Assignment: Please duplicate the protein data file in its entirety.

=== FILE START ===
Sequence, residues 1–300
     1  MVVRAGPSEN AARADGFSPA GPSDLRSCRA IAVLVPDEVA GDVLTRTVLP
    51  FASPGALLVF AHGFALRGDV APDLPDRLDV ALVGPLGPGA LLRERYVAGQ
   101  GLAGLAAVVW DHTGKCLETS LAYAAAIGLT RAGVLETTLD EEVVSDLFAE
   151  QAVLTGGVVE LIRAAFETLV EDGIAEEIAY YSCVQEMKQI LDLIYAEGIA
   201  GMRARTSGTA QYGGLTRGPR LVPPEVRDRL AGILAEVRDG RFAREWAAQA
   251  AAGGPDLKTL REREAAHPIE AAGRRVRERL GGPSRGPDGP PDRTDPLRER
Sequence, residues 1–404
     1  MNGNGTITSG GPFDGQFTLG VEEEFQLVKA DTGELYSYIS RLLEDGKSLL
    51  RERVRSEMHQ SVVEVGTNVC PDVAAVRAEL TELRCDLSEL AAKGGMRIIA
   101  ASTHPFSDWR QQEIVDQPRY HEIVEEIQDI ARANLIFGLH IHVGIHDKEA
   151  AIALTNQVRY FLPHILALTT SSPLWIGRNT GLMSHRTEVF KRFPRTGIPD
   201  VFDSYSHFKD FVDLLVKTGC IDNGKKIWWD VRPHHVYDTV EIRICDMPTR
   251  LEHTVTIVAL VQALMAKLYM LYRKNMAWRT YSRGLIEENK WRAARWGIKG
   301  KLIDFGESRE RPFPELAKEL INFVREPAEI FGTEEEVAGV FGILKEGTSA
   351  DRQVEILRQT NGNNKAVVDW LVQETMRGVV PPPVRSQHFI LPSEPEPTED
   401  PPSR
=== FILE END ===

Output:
Sequence, residues 1–300
     1  MVVRAGPSEN AARADGFSPA GPSDLRSCRA IAVLVPDEVA GDVLTRTVLP
    51  FASPGALLVF AHGFALRGDV APDLPDRLDV ALVGPLGPGA LLRERYVAGQ
   101  GLAGLAAVVW DHTGKCLETS LAYAAAIGLT RAGVLETTLD EEVVSDLFAE
   151  QAVLTGGVVE LIRAAFETLV EDGIAEEIAY YSCVQEMKQI LDLIYAEGIA
   201  GMRARTSGTA QYGGLTRGPR LVPPEVRDRL AGILAEVRDG RFAREWAAQA
   251  AAGGPDLKTL REREAAHPIE AAGRRVRERL GGPSRGPDGP PDRTDPLRER
Sequence, residues 1–404
     1  MNGNGTITSG GPFDGQFTLG VEEEFQLVKA DTGELYSYIS RLLEDGKSLL
    51  RERVRSEMHQ SVVEVGTNVC PDVAAVRAEL TELRCDLSEL AAKGGMRIIA
   101  ASTHPFSDWR QQEIVDQPRY HEIVEEIQDI ARANLIFGLH IHVGIHDKEA
   151  AIALTNQVRY FLPHILALTT SSPLWIGRNT GLMSHRTEVF KRFPRTGIPD
   201  VFDSYSHFKD FVDLLVKTGC IDNGKKIWWD VRPHHVYDTV EIRICDMPTR
   251  LEHTVTIVAL VQALMAKLYM LYRKNMAWRT YSRGLIEENK WRAARWGIKG
   301  KLIDFGESRE RPFPELAKEL INFVREPAEI FGTEEEVAGV FGILKEGTSA
   351  DRQVEILRQT NGNNKAVVDW LVQETMRGVV PPPVRSQHFI LPSEPEPTED
   401  PPSR